The last few days I’ve had a bad cold and I rested in my recliner all weekend while working on my projects, exploring new ideas, stitch doodling, prepping upcoming projects, reflecting and being in the present. I thought a lot about blending the old with the new and the re-purpose ones clothes, and what it means for the environment. For a deep appreciation of keeping the old ways of mending and sewing alive. I also reflected on my creations and how I express them. For me, there is no wrong way in doing so.

January CollageSaturday I was working on my secret project pretty much all day then decided to take a break from it and prep scraps for a Sashiko/Boro influence/ mix media art collage project I’m starting in January. I haven’t sewed any of the fabrics down yet. I’m still in the process of placing the fabrics. Anyhow, it’s going to be about a 12×12 collage. I’ll probably frame it once its completed or if I change my mind, use the collage in another project. There is no pressure in making a final decision. I did go ahead and slow stitched on denim square.

I would really like to stress that your stitches don’t have to be perfectly straight. Make your creations your own. That is unless you’re working on a art piece for someone who is paying for straight stitches, if its something you prefer or working with patterns. Please keep in mind that slow stitching is forgiving and if you are not satisfied with what you stitched, you can go back and change it. Enjoy the process. Slow down and breath.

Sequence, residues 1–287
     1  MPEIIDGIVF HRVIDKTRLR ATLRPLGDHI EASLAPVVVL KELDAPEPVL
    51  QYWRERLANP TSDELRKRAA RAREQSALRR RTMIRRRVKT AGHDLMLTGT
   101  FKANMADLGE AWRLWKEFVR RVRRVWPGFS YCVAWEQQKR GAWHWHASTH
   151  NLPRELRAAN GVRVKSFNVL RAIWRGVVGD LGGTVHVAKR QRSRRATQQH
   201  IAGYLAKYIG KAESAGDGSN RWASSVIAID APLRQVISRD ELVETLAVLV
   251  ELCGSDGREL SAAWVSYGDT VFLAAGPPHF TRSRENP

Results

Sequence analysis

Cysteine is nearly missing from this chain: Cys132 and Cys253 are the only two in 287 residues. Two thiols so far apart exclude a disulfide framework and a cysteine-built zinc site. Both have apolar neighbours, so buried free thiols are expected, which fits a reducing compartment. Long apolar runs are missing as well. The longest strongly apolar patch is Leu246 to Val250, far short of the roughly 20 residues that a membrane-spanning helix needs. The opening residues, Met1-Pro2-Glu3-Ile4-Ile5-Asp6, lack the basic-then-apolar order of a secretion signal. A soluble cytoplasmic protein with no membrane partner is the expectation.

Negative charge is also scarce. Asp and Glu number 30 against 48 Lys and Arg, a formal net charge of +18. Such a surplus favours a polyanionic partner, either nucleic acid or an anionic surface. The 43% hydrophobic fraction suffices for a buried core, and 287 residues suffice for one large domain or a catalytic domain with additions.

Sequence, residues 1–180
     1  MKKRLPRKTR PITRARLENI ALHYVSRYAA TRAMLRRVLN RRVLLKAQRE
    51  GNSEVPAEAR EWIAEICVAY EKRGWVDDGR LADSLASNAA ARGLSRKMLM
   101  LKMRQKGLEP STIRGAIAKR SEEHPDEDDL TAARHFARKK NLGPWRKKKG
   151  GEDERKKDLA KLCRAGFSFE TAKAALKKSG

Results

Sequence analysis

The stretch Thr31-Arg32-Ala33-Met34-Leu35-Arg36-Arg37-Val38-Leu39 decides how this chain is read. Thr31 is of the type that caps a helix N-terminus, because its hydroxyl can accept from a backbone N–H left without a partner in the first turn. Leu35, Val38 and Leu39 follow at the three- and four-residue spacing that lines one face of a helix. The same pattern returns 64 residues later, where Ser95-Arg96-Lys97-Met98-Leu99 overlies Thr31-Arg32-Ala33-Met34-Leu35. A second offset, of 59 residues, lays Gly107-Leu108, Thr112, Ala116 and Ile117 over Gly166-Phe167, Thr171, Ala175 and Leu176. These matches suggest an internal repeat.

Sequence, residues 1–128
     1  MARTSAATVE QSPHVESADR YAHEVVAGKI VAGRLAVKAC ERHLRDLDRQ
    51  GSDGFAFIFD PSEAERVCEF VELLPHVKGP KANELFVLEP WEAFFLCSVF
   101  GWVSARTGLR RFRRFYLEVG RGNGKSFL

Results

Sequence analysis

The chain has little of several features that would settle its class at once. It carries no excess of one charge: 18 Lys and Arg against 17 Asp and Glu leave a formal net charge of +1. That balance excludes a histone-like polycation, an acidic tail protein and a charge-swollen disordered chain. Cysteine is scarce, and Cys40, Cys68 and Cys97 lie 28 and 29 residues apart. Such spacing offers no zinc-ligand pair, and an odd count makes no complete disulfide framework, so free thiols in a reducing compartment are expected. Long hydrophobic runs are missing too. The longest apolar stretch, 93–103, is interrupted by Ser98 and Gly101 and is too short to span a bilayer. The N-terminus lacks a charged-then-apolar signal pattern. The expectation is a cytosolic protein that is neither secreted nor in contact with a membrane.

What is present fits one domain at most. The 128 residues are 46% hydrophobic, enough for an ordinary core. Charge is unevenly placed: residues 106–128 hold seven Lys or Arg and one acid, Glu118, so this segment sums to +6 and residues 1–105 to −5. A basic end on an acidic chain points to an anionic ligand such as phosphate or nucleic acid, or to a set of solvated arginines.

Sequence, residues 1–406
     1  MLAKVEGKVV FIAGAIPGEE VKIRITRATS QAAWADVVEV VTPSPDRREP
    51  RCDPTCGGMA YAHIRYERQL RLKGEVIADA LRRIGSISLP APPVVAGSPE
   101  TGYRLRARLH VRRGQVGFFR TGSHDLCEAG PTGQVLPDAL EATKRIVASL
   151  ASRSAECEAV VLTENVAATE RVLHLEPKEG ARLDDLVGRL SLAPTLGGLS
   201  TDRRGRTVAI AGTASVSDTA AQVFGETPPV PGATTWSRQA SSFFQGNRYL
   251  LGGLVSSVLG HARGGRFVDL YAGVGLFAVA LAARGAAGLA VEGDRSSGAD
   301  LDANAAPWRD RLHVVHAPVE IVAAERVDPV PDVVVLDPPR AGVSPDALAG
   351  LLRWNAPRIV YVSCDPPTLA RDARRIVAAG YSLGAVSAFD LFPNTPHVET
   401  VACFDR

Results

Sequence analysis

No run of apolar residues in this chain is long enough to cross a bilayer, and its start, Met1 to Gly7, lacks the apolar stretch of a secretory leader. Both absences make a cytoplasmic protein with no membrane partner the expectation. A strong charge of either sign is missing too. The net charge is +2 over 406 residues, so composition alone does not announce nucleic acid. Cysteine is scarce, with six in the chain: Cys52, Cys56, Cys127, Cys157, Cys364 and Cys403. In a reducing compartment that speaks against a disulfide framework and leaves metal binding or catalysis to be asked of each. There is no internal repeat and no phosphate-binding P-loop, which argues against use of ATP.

Sunday was another day of resting and a bit of planning for the pattern of my Denim Rag Quilt. I arranged my Grandmother’s scraps the way I want them-for the most part. I need to put a lighter denim square in the upper right corner. I did play around with some visible stitching on one of the quilt squares. The process was so relaxing! I won’t be doing stitching patterns on all of them. However, I’m slow stitching on the scrap patches. I’m sewing this quilt by hand as much as possible.

I’ve been jumping around on projects this weekend. That’s how I roll!

Follow my closet @artsycouture42 and use my code: ARTSYCOUTURE42 to get a free $10 credit when signing up for Poshmark! www.poshmark.

See you next time! Bye for now.

Stephanie

 

 

Book Wish-List: Visible Mending

From what little I’ve read so far on the subject of Visible Mending AKA Sashiko Stitching is that it is traced back to the Edo era of Japan. The translation for Sashiko is “little stabs” refers to running stitch through fabric that is visible to the eye. One would find these visible mending on clothing of Japanese working people. This method of stitching extends the life of the clothing…